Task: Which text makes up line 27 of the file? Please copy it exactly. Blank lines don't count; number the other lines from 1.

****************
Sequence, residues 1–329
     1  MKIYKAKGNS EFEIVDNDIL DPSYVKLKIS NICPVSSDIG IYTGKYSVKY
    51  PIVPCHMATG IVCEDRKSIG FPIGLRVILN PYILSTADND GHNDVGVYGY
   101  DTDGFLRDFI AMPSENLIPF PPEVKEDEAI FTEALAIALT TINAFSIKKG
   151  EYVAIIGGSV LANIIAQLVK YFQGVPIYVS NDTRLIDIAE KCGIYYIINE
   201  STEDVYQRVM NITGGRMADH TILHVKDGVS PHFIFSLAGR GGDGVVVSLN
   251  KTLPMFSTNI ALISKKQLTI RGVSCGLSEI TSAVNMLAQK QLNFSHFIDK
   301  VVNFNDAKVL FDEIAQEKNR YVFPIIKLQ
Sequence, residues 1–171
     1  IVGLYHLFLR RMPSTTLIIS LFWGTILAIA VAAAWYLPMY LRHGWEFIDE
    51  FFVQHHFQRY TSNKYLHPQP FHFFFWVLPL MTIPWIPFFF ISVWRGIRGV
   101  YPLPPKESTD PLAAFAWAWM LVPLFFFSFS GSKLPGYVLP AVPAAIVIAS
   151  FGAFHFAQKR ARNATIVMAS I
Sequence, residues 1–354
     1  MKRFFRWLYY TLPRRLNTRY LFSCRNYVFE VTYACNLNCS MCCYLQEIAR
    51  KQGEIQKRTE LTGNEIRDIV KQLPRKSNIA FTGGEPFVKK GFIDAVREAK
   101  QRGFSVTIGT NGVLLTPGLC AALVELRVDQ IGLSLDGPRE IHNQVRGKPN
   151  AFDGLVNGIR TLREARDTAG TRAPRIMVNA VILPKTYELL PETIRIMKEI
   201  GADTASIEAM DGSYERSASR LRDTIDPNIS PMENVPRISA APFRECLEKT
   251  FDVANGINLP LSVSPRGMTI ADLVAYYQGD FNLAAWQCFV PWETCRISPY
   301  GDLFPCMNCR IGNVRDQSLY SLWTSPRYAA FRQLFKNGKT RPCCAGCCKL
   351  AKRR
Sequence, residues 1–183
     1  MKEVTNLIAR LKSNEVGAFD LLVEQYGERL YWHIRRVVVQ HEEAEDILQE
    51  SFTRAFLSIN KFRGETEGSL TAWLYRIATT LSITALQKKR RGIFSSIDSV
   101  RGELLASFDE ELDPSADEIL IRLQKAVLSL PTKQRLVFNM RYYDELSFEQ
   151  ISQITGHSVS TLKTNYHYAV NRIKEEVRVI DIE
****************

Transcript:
   151  ISQITGHSVS TLKTNYHYAV NRIKEEVRVI DIE